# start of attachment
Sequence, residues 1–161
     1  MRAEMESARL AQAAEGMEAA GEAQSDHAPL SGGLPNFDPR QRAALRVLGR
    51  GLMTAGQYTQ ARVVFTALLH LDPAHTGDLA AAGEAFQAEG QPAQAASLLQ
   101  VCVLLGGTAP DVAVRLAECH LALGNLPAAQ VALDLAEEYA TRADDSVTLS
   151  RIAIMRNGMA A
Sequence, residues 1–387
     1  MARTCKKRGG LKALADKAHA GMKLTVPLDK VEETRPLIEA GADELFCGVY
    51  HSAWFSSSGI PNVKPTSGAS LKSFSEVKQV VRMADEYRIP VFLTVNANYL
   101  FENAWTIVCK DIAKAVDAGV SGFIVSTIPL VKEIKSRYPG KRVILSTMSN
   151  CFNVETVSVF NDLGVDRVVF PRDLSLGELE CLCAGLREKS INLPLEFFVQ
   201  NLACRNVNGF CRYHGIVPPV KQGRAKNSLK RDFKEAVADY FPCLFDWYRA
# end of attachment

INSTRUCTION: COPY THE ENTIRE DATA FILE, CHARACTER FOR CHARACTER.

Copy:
Sequence, residues 1–161
     1  MRAEMESARL AQAAEGMEAA GEAQSDHAPL SGGLPNFDPR QRAALRVLGR
    51  GLMTAGQYTQ ARVVFTALLH LDPAHTGDLA AAGEAFQAEG QPAQAASLLQ
   101  VCVLLGGTAP DVAVRLAECH LALGNLPAAQ VALDLAEEYA TRADDSVTLS
   151  RIAIMRNGMA A
Sequence, residues 1–387
     1  MARTCKKRGG LKALADKAHA GMKLTVPLDK VEETRPLIEA GADELFCGVY
    51  HSAWFSSSGI PNVKPTSGAS LKSFSEVKQV VRMADEYRIP VFLTVNANYL
   101  FENAWTIVCK DIAKAVDAGV SGFIVSTIPL VKEIKSRYPG KRVILSTMSN
   151  CFNVETVSVF NDLGVDRVVF PRDLSLGELE CLCAGLREKS INLPLEFFVQ
   201  NLACRNVNGF CRYHGIVPPV KQGRAKNSLK RDFKEAVADY FPCLFDWYRA